March 12, 2018

The International Study of the Allergic Rhinitis Survey: outcomes from 4 geographical regions

Asia Pac Allergy. 2018 Jan;8(1):e7. English.
 https://doi.org/10.5415/apallergy.2018.8.e7 
Desiderio Passali,1 Cemal Cingi,2 Paola Staffa,1 Francesco Passali,3 Nuray Bayar Muluk,4and Maria Luisa Bellussi1
1Department of Otorhinolaryngology - Head and Neck Surgery, University of Siena, 53100 Siena, Italy.
2Department of Otorhinolaryngology - Head and Neck Surgery, Osmangazi University, Faculty of Medicine, 26040 Eskisehir, Turkey.
3ENT Clinic, University of Roma Tor Vergata, 00173 Rome, Italy.
4Department of Otorhinolaryngology - Head and Neck Surgery, Kırıkkale University, Faculty of Medicine, 71450 Kırıkkale, Turkey.
Abstract

Background
Allergic rhinitis (AR) is a global health problem and is characterised by one or more symptoms, including sneezing, itching, nasal congestion and rhinorrhea.
Objective
We investigated the features of AR and the physician's approach to the management of AR patients in four geographical regions.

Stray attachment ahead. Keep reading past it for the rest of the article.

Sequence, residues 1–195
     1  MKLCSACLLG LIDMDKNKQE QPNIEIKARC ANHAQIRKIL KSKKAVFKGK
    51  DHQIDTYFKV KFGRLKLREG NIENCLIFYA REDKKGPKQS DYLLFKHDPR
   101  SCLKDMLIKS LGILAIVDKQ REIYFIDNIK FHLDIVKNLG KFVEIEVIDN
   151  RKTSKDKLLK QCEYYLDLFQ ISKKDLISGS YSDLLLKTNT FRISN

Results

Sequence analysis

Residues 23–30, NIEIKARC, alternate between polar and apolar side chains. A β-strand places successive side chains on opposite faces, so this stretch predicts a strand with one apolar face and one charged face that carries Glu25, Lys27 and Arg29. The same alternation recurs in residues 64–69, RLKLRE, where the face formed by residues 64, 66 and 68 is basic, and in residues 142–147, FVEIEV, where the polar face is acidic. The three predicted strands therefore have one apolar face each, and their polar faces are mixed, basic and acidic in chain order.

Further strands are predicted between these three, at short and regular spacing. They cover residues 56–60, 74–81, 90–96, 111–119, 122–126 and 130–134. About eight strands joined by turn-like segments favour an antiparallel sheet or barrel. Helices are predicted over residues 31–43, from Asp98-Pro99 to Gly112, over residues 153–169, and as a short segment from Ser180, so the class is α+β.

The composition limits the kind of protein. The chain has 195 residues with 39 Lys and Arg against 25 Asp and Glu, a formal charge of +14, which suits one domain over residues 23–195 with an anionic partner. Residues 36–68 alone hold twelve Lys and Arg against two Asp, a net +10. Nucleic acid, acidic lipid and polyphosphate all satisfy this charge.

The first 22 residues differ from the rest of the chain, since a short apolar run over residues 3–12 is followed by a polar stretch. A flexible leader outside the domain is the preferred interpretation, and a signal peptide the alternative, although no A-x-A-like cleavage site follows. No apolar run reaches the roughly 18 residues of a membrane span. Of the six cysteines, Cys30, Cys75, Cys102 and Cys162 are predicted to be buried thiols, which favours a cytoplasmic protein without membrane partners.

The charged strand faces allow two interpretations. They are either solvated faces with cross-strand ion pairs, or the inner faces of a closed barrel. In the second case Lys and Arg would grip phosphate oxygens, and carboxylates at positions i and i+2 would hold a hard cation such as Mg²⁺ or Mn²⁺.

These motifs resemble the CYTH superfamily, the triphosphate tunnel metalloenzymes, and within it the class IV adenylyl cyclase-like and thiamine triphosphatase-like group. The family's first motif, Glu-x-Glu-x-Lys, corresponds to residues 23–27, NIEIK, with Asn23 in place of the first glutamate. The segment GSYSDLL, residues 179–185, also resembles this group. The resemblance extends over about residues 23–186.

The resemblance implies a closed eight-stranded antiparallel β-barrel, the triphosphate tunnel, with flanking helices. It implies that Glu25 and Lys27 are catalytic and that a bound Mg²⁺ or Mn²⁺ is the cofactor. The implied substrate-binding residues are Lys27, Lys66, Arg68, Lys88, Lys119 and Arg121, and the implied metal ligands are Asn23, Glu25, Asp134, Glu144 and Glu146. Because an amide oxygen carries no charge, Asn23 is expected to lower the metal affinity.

Methods
In this cross-sectional study, a questionnaire survey concerning AR was completed by Honorary and Corresponding Members of the Italian Society of Rhinology from different countries among 4 world geographical regions—Asia, Europe, the Americas, and Africa.
Results
The prevalence of AR was reported to be 15%–25%. Children and adolescents, as well as young adults, were the age groups more affected by AR with comorbidities of asthma, sinusitis, conjunctivitis, and nasal polyposis. Nasal symptoms of AR were more intense in the spring (51.92%) and autumn (28.85%). The most common aero-allergens were pollen and mites (67.31%), animal dander and pollutants (23.08%), and fungal allergens (21.15%). Allergen-specific immunotherapy was prescribed for both perennial and seasonal allergens (32.69%) via sublingual swallow (46.15%) and subcutaneous (32.69%) routes. For the AR patients, the most prescribed drugs were intranasal corticosteroids (86.54%) and oral H1-antihistamines (82.69%).
Conclusion
A network of experts can improve our knowledge concerning AR epidemiology, and together with guidelines, could assist practitioners and otolaryngologists in standardising the diagnosis and treatment of AR.




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